In the 35 years since I got my first job teaching writing, a few new tools that make writing easier have been invented. I used a retractable fountain pen, one of the green marble ones, when I was in 3rd grade to write those ‘important papers’ – really messy. I thought mechanical pencils were cool -I think the ones I used worked better than the cheap ones floating around my class these days. Copiers were a big improvement over mimeographs; computers are way better than IBM Selectrics which were way better than Remington ‘portables.’
For the last three years, the 21st Century tool, Moodle, has enabled me to make writing fun for 8 and 9 year olds, the ones who start welling up with tears when you tell them that all of the words they just managed to get on a piece of paper with a pencil should be reordered or changed. A word processor and the Moodle software make editing, all that adding and subtracting of words, peer comments, and teacher comments easier and doable for the young minds and fingers that are still wrestling with this puzzle called written language. (I share Donald Murray’s notion that writers never really quit wrestling with language.)
Moodle was designed in the early days of this century as a distance learning tool. It’s rapidly becoming an invaluable tool for teaching in all kinds of classrooms. There are over a million teachers in over 200 countries using it, so far. Last spring on Earth Day, my class was paperless for the day. We took a learning walk and explored the history and science rich neighborhood near our school. I posted this and and a few other photos when we got back from our walk. In less than an hour my students had posted over a hundred comments on the pictures. (With a click or two, I can show them to you, too.)
Moodle also enables me to post pictures from our sessions with the U of Mn Teaching Smart scientists that then serve as prompts for my students to go deeper into their understanding of the activities they do with the scientists by writing and sharing their writing with each other and me.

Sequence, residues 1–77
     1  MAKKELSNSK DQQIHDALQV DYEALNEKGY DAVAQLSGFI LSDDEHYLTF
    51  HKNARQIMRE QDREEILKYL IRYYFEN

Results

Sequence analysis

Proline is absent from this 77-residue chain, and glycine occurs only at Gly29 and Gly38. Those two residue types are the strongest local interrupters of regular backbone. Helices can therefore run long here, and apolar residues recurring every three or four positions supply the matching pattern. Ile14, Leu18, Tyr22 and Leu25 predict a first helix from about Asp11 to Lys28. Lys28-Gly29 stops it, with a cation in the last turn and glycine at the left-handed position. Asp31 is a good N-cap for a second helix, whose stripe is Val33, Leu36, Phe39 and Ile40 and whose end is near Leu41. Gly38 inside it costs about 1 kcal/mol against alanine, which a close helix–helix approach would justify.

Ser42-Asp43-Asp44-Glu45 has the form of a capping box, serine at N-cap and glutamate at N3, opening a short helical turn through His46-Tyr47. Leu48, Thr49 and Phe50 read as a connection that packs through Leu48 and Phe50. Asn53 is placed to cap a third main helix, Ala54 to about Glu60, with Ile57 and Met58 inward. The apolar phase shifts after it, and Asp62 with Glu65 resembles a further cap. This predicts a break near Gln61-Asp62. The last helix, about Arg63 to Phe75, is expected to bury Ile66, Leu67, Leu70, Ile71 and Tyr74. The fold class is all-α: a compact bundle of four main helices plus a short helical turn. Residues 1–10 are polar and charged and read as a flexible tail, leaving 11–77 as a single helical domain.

Some of those scientists who can’t get away from their labs at the University use Moodle to act as online tutors for my 3rd and 4th graders in their science writing- a real win-win-win. It’s real time authentic assessment, and it’s engaging students with their wider learning community, connecting them with real doctors of science who know about insects and worms and skulls and rocks and butterflies, the kind of things that excite 8 and 9 year old kids.
Already this year, my students have taken to using our new Google Apps like ducks to water. Google docs adds some nice new capabilities for formatting, printing and sharing that weren’t as easily available with Moodle. Google Apps and Moodle work very nicely together.
The ‘standards’ based curriculum being prescribed by the data-driven accountability that put my school on AYP hardly mentions computers or 21st Century communication tools of any kind (and I don’t think that’s atypical of most curricula in K-12.) The guest speaker at our summer elementary science professional development session spent a whole day talking about how important writing is to scientific inquiry, but never said a word about the tools that almost every scientist uses these days to record and write up their data and reports – computers. The irony is that these new writing and reading standards based curricula that ignore computers like the Taliban ignores razors are based on the process theory of writing fathered by Donald Murray who noted way back in 1985 how computers significantly improved the writing process (his observations are listed down the page in this post.) Murray said in his last days, “Click the computer on and I am 17 again, wanting to write and not knowing if I can.”
Our students need instruction and practice using the tools that the world is now using and will be using in the future for writing of all kinds. 21st Century tools like Moodle, Google docs, and e-Portfolios can replace data-driven accountability with knowledge and skill driven accountability. The National Education Technology Plan 2010 does a good job laying out the way to get where we need to go; we just need to start working the plan.
Dan McGuire is the 1976 recipient of the Archer B. Gilfillan Prize for Poetry. He lives with his wife and children in Minneapolis in the vortex of the Hiawatha, Minnehaha, Nokomis, and Keywadin neighborhoods. He’s on Twitter as @sabier